But no matter what happens, please know our offer to XXXXXXX still stands. If Booger ever needs anything, please contact us. Our cellphone is XXX-XXX-XXXX. We've had that number since 1993 and we expect to have it forever.

Thank you for "listening" to Booger's story.

Very Sincerely yours,

Laurie D. XXXXXX

I included pics of our kitties & the rescued kitties


This is the note I just sent to MCR and asked them to forward it on to Booger's new mom.

As many of you know, Booger was adopted out in January. She left NJ for Oregon. We received one update then nothing. We contacted MCR in July. In August we finally contacted Boog's adoptive mom by phone. Apparently there was a personal tragedy in her life apart from losing her job. She did not share this information with us. I understand how difficult it can be to communicate when depressed. She indicated Boog was still with her - but there were many inconsistencies in her story.

MCR contacted me only after I notified them of my conversation with Boog's previous mom in Oregon. It turns out the person from MCR that said they'd find out about Booger for me also experienced a personal tragedy during this same time frame.

It turns out the reason for the inconsistencies in Boog's new mom's story was that Boog had already left. A friend of hers from VA flew in to see her. Boog left with her, and is apparently living on a farm in VA now. I have assurances she is well cared for and loved. I choose to believe this is true, though that seed of doubt always persists without actually seeing or talking to the new mom.

I don't know if we'll ever get to meet Boog's new mom, see Boog or get direct updates. I can only pray that at the very least she will decide to join TCS and post here.

The worst case is that Boog's new mom is sending pics to someone I know and trust, and that person is forwarding them on to me.

So for now, I guess, Boog's story is ending. I still hold out hope that Boog's new mom will get in touch with me directly. But if not, once I receive those pictures, I'll have to learn how to close the book on Booger. I cannot tell you how badly I DO NOT WANT TO DO THAT.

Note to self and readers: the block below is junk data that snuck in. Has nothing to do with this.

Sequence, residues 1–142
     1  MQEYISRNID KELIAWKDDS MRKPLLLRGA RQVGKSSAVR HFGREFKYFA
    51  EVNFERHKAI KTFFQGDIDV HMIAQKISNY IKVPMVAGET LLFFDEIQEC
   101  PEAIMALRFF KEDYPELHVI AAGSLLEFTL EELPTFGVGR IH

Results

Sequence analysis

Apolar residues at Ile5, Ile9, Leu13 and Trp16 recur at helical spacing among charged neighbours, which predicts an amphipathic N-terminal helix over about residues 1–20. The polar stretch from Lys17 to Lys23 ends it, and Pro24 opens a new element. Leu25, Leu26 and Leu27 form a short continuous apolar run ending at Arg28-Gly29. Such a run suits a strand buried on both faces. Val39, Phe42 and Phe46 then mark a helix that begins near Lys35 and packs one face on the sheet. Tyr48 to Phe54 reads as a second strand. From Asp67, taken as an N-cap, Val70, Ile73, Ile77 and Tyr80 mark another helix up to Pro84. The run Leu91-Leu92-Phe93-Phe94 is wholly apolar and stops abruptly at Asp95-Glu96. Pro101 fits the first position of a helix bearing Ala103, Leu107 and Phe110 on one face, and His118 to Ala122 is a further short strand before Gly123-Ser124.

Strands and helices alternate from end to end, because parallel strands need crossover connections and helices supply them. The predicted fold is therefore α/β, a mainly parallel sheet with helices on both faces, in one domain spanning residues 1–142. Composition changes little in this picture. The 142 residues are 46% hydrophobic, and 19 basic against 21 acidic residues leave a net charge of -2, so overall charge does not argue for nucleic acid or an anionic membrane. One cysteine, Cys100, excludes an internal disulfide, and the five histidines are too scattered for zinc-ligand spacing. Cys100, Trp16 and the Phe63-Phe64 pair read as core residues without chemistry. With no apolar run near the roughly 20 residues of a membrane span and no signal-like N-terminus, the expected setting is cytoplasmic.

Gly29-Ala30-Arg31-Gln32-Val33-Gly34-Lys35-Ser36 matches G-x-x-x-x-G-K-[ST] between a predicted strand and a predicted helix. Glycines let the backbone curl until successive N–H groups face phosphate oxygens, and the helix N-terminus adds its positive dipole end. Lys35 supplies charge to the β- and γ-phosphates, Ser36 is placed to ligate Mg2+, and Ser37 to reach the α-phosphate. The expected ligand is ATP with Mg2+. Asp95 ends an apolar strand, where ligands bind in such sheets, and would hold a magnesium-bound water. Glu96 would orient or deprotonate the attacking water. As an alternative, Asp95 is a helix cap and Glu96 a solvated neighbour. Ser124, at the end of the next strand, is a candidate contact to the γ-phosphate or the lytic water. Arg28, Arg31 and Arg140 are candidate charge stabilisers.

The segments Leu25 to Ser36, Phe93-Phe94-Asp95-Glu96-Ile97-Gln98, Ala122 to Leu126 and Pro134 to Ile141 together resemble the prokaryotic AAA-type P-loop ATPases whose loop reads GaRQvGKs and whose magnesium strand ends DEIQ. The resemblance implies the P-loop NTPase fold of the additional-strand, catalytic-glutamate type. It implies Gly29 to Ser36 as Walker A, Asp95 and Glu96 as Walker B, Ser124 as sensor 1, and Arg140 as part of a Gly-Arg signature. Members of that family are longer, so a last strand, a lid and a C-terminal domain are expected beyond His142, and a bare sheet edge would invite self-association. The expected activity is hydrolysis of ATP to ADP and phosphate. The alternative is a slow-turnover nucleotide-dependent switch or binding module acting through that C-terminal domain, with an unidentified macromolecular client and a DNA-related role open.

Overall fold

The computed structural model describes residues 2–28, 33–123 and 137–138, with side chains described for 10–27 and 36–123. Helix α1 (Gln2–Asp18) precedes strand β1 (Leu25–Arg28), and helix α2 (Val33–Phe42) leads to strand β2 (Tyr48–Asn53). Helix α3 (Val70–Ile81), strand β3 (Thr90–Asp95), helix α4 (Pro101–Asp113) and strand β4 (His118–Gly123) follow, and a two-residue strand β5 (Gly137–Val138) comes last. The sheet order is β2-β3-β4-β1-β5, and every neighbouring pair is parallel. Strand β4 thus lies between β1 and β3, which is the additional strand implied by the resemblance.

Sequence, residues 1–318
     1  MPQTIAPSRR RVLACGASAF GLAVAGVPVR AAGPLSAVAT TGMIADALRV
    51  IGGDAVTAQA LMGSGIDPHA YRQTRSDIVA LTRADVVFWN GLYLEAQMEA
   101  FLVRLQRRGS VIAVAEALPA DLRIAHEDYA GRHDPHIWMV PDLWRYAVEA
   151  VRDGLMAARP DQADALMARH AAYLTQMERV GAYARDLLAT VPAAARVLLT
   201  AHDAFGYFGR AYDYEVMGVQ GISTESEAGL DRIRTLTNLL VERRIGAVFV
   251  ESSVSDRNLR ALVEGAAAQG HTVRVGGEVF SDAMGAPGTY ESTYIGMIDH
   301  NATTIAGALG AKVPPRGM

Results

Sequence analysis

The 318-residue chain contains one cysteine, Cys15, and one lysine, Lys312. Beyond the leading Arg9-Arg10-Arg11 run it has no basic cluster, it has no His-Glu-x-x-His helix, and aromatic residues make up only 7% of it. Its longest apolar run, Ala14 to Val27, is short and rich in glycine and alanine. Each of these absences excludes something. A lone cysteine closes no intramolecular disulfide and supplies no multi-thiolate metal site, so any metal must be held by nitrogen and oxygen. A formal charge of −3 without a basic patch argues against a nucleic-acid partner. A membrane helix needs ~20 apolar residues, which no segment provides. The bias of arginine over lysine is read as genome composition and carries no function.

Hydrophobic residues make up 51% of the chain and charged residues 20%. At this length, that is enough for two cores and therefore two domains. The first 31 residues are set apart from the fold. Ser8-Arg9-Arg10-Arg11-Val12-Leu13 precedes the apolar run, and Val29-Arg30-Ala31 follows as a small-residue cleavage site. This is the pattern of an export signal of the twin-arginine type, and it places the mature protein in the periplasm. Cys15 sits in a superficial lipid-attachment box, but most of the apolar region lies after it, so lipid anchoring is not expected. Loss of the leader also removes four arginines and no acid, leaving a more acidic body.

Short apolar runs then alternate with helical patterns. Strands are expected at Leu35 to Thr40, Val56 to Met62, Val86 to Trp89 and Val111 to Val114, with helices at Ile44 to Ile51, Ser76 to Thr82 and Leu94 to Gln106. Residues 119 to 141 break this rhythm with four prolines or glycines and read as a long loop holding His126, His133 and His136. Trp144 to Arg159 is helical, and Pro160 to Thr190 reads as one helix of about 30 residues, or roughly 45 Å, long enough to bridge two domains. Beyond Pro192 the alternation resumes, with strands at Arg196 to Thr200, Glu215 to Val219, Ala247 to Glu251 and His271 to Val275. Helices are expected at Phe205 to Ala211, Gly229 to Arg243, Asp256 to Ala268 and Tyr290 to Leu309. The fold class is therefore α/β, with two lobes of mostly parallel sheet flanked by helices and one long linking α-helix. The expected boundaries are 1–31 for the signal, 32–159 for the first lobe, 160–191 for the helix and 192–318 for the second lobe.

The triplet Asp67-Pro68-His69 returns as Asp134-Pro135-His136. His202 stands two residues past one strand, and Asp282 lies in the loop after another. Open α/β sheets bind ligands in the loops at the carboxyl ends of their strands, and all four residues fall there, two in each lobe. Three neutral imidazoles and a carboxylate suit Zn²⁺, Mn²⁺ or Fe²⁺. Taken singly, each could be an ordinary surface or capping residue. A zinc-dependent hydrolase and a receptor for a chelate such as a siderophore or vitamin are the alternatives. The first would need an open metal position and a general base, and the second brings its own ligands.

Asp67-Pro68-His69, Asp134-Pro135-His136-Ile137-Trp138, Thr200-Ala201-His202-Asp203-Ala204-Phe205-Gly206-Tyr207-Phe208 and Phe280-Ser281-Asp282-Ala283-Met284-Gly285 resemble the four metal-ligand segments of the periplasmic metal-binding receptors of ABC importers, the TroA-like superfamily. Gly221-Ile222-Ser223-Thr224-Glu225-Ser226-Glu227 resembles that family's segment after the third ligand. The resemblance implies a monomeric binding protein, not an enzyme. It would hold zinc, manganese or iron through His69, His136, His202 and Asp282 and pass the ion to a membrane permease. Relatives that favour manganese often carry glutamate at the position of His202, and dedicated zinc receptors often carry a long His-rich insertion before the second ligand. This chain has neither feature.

I NEVER WANTED BOOG TO LEAVE MY LIFE ENTIRELY and had I known that was going to happen, I never would have sent her to Oregon.

But there is no way to predict personal tragedy, so I do not hold XXXXXXX responsible. I, of course, am extremely disappointed she was unable to contact us to have us help rehome Boog. That was an agreement we had. But she was depressed and scared of telling us or something.

But I guess I felt posting here would help. Some of you may have been wondering. But I wanted to share, to put my voice out there - I WANT TO SEE BOOGER AGAIN! To shout it to the universe.

And to vent my frustration and sadness.


I hope you are TRULY happy and loved, and I hope you never want for anything, ever, and that you receive the best medical care there is.

I miss your "pa-dump."
post #2 of 23
Thread Starter 
Me holding Boog last year some time - with my lap protected from her sharp claws while kneading and her drool.
post #3 of 23
What a story! I'm so glad you were there for her. I loved that whole thing!
post #4 of 23
Thread Starter 
Bless you for reading it, LOL!
post #5 of 23
Your first born!!!! Not only is it a terribly difficult thing to do (to adopt them out) but now you don't know how they are doing!! I too reach out to the parents of all my adoptees, and get highly frustrated when they won't share information (I have to get information about the orphaned Maggie (Scarlett's sister) from my vet and not the parent). Some people just don't understand why you still care about them! So frustrating!!!

I'm sorry Laurie - I hope you can reach Boog's new parents somehow and get them to understand how much you love her!
post #6 of 23
Laurie...I am so sorry that you have to go through this separation. I really hope that you can find her new mum somehow and see some more recent pictures. I can understand how much you must be missing her!

Kudos to you for caring.
post #7 of 23
Laurie and Gary,

I am sorry that this did not transpire at an earlier time when perhaps I could have driven up there and brought Boog home with me. The Breed Specific Rescue Organizations are awesome. They exist to rescue the breed from whatever situation they happen to be in. That they decided to help you rehome Boog without knowing for sure if she was a pure Main Coon, is extraordinary in my book. They don't take their job lightly, and they carefully screen the homes they are placing the cats into. You and Gary and Boog were just beset with a tremendous amount of sad coincidences. Personal deaths can leave one spinning aimlessly and I know that XXXXX now has no more cats and is having to leave her home. I doubt she would have chosen that path herself.